Ilya Sutskever Has a New Plan for Safe Superintelligence

 For the past several months, the question “Where’s Ilya?” has become a common refrain within the world of artificial intelligence. Ilya Sutskever, the famed researcher who co-founded OpenAI, took part in the 2023 board ouster of Sam Altman as chief executive officer, before changing course and helping engineer Altman’s return. From that point on, Sutskever went quiet and left his future at OpenAI shrouded in uncertainty. Then, in mid-May, Sutskever announced his departure, saying only that he’d disclose his next project “in due time.”

Now Sutskever is introducing that project, a venture called Safe Superintelligence Inc. aiming to create a safe, powerful artificial intelligence system within a pure research organization that has no near-term intention of selling AI products or services. In other words, he’s attempting to continue his work without many of the distractions that rivals such as OpenAI, Google, and Anthropic face. “This company is special in that its first product will be the safe superintelligence, and it will not do anything else up until then,” Sutskever says in an exclusive interview about his plans. “It will be fully insulated from the outside pressures of having to deal with a large and complicated product and having to be stuck in a competitive rat race.”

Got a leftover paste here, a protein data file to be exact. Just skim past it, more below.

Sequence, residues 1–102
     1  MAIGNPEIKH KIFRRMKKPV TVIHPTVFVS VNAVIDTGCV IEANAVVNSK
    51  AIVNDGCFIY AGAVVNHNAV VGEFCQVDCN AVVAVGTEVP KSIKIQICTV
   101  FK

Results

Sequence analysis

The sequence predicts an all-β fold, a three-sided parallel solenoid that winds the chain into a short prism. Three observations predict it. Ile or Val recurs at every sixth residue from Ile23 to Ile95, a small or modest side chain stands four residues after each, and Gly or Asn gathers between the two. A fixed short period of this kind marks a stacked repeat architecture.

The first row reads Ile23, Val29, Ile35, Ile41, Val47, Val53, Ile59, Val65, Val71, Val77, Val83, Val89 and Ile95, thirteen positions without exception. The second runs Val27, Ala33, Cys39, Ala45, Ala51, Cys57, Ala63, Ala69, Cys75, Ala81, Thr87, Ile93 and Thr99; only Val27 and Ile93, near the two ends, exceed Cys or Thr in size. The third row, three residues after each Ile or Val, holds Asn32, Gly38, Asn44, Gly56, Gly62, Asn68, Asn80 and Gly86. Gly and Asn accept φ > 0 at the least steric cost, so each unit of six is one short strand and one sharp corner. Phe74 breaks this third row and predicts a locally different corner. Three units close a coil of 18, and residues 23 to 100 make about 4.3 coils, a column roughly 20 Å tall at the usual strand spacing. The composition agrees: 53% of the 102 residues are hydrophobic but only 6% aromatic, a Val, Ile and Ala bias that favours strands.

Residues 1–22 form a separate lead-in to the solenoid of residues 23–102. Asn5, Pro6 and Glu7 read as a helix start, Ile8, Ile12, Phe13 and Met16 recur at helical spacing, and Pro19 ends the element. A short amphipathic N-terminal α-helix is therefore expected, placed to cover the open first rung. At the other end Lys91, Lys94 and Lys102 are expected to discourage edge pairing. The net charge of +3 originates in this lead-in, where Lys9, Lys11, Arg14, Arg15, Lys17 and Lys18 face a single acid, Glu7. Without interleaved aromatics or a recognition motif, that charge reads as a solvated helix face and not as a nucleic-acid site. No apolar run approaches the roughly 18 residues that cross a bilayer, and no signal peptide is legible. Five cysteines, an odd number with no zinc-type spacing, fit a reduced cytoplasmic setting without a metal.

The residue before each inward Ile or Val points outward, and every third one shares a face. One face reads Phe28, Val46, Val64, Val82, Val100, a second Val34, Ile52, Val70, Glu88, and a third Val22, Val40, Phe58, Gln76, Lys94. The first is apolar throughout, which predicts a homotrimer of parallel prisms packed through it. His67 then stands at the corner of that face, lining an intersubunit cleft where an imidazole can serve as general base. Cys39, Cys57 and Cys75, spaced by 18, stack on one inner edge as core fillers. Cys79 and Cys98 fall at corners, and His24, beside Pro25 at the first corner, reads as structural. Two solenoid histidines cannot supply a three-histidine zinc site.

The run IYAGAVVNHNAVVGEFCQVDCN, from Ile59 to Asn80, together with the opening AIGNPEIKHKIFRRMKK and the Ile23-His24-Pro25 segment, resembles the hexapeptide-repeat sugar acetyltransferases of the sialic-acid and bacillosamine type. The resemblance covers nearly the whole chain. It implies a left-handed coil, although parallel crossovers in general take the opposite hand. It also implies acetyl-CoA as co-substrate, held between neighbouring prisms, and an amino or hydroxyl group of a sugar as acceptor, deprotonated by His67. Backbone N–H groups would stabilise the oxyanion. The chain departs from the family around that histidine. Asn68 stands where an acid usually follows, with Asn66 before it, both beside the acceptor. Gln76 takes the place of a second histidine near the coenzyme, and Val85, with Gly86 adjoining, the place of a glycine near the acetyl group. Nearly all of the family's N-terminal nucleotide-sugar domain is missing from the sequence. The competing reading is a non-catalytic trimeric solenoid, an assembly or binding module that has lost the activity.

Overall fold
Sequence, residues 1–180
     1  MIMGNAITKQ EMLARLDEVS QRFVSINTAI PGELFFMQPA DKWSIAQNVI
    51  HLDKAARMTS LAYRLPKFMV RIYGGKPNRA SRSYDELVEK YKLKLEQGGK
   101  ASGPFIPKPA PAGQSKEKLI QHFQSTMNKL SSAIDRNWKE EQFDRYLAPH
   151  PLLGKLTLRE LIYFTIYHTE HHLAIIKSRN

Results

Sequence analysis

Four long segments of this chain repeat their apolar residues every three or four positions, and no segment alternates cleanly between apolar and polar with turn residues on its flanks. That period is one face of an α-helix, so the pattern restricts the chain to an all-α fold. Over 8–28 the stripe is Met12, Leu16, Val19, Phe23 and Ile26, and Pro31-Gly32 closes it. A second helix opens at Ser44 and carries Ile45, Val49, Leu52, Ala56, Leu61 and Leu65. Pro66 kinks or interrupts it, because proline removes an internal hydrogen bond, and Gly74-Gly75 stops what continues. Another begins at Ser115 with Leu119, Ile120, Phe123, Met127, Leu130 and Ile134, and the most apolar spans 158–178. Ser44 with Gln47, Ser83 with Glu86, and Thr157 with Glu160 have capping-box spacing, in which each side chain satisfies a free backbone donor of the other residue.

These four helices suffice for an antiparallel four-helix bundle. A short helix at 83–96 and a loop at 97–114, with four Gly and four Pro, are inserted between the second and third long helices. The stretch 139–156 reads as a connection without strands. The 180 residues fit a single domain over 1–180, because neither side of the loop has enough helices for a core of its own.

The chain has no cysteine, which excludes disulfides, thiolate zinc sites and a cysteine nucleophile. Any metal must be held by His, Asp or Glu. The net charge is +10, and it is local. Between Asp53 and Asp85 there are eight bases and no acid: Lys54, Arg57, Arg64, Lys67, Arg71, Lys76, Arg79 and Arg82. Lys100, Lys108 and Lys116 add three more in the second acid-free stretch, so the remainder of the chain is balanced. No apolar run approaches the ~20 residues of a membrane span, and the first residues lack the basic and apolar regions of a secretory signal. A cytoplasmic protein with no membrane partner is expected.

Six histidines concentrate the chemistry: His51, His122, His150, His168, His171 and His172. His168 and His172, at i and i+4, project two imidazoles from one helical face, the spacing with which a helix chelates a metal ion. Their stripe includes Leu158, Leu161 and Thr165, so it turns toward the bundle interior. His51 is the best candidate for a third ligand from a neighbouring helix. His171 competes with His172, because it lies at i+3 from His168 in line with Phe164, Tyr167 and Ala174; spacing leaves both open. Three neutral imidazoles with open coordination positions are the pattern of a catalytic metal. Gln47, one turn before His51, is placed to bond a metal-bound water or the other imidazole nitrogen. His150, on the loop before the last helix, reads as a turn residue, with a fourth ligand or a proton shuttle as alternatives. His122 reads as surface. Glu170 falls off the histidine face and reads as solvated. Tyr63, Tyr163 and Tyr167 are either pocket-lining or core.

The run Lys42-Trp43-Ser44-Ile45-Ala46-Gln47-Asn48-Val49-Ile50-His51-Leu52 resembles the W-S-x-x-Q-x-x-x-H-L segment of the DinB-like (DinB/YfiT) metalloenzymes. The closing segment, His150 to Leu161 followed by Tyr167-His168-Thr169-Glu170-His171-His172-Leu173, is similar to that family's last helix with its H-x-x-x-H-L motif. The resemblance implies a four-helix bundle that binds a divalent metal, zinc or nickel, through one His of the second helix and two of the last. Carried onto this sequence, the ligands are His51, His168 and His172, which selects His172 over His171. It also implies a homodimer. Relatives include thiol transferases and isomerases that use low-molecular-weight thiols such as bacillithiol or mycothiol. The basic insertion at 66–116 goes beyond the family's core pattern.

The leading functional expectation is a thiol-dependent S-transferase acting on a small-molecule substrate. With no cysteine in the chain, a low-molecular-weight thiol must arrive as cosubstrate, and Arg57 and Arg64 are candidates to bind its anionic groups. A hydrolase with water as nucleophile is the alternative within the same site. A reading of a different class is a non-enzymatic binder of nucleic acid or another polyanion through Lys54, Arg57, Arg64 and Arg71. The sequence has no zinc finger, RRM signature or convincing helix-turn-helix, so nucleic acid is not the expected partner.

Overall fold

Sutskever declines to name Safe Superintelligence’s financial backers or disclose how much he’s raised.

Altman and Sutskever at Tel Aviv University in 2023.Photographer: Amir Cohen/Reuters

As the company’s name emphasizes, Sutskever has made AI safety the top priority. The trick, of course, is identifying what exactly makes one AI system safer than another or, really, safe at all. Sutskever is vague about this at the moment, though he does suggest that the new venture will try to achieve safety with engineering breakthroughs baked into the AI system, as opposed to relying on guardrails applied to the technology on the fly. “By safe, we mean safe like nuclear safety as opposed to safe as in ‘trust and safety,’” he says.

Sutskever has two co-founders. One is investor and former Apple Inc. AI lead Daniel Gross, who’s gained attention by backing several high-profile AI startups, including Keen Technologies. (Started by John Carmack, the famed coder, video game pioneer, and recent virtual-reality guru at Meta Platforms Inc., Keen is trying to develop an artificial general intelligence based on unconventional programming techniques.) The other co-founder is Daniel Levy, who built a strong reputation for training large AI models working alongside Sutskever at OpenAI. “I think the time is right to have such a project,” says Levy. “My vision is exactly the same as Ilya’s: a small, lean cracked team with everyone focused on the single objective of a safe superintelligence.” Safe Superintelligence will have offices in Palo Alto, California, and Tel Aviv. Both Sutskever and Gross grew up in Israel.

Given Sutskever’s near-mythical place within the AI industry, the uncertainty around his status has been a Silicon Valley fixation for months. As a university researcher and later a scientist at Google, he played a major role in developing several key AI advances. His involvement in the early days of OpenAI helped it attract the top talent that’s been essential to its success. Sutskever became known as its major advocate for building ever-larger models—a strategy that helped the startup surge past Google and proved crucial to the rise of ChatGPT.